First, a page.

The Staves - Good Woman
Critic Score
Based on 20 reviews
2021 Ratings: #110 / 605
User Score
Based on 249 ratings
2021 Ratings: #347
Liked by 15 people
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The Irish Times

For all of the jaded frustration that drives Good Woman, hope returns to the surface and the sisters comfortably sit with who they’ve become.


The Staves’ latest studio collaboration ... picks up where 2015's Justin Vernon-helmed If I Was left off, as their three-part blood harmonies form the shimmering centre ofan elaborate, album-long soundscape.


The sisters have turned that pain and drama into this elegantly nuanced third album.


‘Good Woman’ is a wonderful blend of simple folk staples and modern indie-pop sounds that underpin three golden voices.


It’s The Staves finding their voices, stepping out from a shadow cast on them by an industry of expectations, together in their fearlessness – and it makes for their most seamless and affecting release to date.


For all the trials bestowed upon the trio in the past few years, they emerge positive and victorious, changing and creating music on their own terms.


Soulful but never morose, and thoughtful on the passing of time and the importance of cherishing these tiny moments, it’s a sophisticated return to form.

The Independent

In essence, Good Woman is a thirty-something reset, a look at three women processing the nature of femininity and a lot of personal change all at once.


Still in place are the ubiquitous beautiful harmonies, clever, sometimes sweet and sometimes biting lyrics and the deceptively powerful musical flourishes that make the band so special, but added to the mix is a dash of increased musical power.

The Forty-Five

For a band who have always possessed a subtle power and defiant streak, ‘Good Woman’ is a particular testament to resilience and the surprising strength found in the wake of heartbreak, motherhood and bone-deep grief.

The Guardian

Good Woman proves the Staves now slot effortlessly into that roster of intelligent, interesting artists, interrogating life, love and womanhood on their own distinctive terms.


Good Woman is not a depressing album. On the contrary, it’s a bracing listen, with the sisters’ trademark harmonies giving each song a degree of warmth that becomes comforting to listen to.

Spectrum Culture

Good Woman proves that The Staves are a band worthy of all the praise that has been given to them over the years. If you haven’t heard them yet, it’s time to sit up and take notice.

Under The Radar

The Staves have once again succeeded in enchanting listeners with a unique ethereal euphoria that remains unmatched. Good Woman may be a little different than the band’s previous works, but it reinforces what makes them so special in a marvelous way.


There’s no evidence of emotional overcrowding on their new project Good Woman. Rather, an assured mood stretches out across these 12 songs, which celebrate or contemplate every chapter of womanhood The Staves have faced or are facing.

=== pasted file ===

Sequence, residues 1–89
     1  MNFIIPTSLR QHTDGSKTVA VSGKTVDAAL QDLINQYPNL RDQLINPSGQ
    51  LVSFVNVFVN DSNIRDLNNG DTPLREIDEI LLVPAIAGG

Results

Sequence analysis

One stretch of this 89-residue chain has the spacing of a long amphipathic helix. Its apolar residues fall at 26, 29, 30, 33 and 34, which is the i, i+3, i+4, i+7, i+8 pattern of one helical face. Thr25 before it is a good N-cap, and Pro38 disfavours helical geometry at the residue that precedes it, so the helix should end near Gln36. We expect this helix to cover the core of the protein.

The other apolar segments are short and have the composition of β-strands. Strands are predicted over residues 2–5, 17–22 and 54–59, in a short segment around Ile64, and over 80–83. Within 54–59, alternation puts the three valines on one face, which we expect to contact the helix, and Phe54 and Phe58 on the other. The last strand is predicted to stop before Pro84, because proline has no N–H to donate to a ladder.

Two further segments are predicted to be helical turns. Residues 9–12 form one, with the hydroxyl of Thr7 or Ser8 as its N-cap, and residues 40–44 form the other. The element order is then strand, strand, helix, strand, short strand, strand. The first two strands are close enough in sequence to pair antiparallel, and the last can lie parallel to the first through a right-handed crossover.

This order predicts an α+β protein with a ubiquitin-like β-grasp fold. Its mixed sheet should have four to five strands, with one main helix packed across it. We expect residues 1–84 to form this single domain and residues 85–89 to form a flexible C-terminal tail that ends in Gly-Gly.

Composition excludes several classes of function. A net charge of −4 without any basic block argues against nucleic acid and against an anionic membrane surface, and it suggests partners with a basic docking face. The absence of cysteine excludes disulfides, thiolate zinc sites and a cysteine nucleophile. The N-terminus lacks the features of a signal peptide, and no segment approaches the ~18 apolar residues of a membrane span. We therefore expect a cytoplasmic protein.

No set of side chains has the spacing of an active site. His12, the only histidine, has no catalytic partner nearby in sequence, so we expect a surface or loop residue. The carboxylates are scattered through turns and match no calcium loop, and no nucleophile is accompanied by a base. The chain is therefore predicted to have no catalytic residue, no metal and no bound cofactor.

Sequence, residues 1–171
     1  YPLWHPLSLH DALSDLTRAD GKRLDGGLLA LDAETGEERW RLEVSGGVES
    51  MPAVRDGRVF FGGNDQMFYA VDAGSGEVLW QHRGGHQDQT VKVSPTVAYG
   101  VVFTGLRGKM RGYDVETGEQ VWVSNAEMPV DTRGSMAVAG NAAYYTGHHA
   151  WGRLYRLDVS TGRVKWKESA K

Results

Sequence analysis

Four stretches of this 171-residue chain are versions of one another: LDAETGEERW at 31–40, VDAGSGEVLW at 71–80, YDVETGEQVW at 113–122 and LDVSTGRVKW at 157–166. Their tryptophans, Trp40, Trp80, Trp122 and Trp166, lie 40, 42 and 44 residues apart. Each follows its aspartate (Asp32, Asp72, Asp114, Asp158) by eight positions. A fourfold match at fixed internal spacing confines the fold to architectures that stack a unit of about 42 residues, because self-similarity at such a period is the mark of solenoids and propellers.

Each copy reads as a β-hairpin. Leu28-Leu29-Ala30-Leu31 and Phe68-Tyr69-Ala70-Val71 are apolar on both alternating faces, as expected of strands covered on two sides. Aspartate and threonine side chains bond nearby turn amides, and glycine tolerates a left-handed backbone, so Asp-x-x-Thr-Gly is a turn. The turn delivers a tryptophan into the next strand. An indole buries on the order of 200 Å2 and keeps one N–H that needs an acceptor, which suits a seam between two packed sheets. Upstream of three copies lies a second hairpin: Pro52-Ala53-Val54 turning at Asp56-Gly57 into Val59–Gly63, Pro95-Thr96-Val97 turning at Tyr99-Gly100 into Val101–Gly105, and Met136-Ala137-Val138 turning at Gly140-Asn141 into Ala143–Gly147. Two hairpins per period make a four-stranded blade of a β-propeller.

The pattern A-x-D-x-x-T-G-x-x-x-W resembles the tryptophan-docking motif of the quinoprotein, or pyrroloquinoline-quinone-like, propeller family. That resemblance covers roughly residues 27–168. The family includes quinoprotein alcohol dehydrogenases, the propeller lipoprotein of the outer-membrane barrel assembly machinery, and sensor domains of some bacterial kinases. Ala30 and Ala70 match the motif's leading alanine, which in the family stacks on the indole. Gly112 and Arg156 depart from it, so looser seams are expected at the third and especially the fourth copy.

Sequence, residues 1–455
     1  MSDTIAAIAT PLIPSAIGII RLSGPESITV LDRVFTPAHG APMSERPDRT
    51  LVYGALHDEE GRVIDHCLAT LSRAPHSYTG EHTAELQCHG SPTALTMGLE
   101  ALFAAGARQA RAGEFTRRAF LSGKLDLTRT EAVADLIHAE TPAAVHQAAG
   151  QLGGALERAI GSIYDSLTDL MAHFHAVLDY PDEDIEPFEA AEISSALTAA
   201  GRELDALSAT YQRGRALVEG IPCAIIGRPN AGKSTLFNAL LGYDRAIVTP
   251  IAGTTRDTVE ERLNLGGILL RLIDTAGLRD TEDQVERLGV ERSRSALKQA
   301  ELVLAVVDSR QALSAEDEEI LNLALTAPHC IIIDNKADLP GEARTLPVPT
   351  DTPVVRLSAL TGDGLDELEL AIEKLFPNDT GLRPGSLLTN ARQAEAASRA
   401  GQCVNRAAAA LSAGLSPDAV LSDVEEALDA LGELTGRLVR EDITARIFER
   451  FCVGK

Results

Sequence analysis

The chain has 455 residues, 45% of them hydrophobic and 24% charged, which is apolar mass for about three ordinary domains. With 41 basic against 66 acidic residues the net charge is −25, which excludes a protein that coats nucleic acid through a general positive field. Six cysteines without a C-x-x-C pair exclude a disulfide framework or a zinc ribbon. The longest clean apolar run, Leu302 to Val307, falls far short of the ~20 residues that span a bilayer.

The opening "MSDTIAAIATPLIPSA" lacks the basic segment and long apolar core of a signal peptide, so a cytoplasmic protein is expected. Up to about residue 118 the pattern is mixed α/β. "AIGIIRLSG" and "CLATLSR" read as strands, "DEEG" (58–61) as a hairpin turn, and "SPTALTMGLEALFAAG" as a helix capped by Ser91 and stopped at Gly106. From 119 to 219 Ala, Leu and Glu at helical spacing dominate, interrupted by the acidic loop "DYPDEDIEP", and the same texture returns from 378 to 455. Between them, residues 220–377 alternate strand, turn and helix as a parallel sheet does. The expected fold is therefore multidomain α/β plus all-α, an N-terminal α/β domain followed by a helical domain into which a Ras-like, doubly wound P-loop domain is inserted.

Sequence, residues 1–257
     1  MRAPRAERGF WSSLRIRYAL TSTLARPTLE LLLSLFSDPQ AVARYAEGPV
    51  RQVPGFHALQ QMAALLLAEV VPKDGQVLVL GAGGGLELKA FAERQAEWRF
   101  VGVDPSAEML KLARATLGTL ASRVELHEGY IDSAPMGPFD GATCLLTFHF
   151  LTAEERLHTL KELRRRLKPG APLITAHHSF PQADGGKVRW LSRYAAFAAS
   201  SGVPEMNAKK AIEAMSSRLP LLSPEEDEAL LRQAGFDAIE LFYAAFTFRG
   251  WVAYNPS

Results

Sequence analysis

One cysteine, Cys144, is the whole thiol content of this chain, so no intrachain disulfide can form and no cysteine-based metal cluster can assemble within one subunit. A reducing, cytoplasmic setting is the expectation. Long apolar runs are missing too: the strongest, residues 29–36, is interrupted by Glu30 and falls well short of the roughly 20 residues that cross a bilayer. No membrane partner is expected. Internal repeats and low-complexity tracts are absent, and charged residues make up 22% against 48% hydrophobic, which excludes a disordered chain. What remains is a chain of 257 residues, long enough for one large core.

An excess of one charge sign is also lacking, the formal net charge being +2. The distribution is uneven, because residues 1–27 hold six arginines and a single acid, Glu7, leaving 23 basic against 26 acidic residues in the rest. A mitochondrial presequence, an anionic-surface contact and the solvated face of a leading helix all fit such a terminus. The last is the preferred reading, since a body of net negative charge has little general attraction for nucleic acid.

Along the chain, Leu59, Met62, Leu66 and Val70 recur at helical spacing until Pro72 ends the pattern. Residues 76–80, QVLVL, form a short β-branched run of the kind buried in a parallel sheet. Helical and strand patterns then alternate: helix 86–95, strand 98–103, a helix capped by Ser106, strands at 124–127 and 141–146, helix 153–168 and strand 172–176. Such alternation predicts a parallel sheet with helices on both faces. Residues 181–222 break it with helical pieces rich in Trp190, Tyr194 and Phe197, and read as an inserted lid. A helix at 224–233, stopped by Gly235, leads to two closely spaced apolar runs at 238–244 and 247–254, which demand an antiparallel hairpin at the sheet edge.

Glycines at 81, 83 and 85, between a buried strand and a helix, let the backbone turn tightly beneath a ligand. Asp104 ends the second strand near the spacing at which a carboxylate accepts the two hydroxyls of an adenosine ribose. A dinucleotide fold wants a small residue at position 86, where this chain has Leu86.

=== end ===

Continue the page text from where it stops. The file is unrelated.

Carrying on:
Despite subtle shifts in arrangements, the songs of Good Woman share a certain world-weariness that's balanced with a refreshing self-assurance that -- like the sisters' elegant, blended vocal harmonies -- never loses its composure.


While Good Woman is not the most notable stop on the Staves' journey, it retains all of their most delectable elements — heart-hitting harmonies, lovely melodies, and moments of lyrical spark — that have come to define their work.


Working with John Congleton, the folk trio makes their most personal and energetic statement yet, sacrificing some of their clarion intimacy along the way.

The Arts Desk

A sonic quilt that offers moments of minimalism amid the big production, with patches of Kate Bush, Blondie and much besides.

I’ve kind of loved the Staves for a long time, back when they were way folkier. The singles leading up to this were different, but incredible, and the rest of the album didn’t disappoint. Every single song builds so well and just explodes towards the end. There’s not a bad song here, and this will definitely get played a lot throughout the year. First vinyl record I’ve bought from 2021 as well.
Sounding like the polyamorous love-child of Wye Oak, Grizzley Bear, and First Aid Kit, The Staves' lush folk-pop album takes me back to the early 2010s. With strong harmonies but rather flaccid songwriting, Good Woman sounds great but doesn't give much more than that. I wanted to fall head over heels for these melodic ladies but felt let down by anemic choruses that float in one ear and exit without leaving a mark. The album is so successful at capturing that warm glow folk/rock production that ... read more

"Good Woman" is the first thing I hear from the trio "The Staves", which I like their music a bit, however there is something about this album that I don't really want to get hooked on. I think it is an enjoyable country / folk album, with a pleasant vocal performance, only that in some songs I felt extensive, with a production that takes me out of the way on the album. But yeah, it leaves me intrigued to hear a little more from these girls.

Favorite tracks: Good ... read more
I think it's cool. Pretty much it. No other comments.
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Added on: October 20, 2020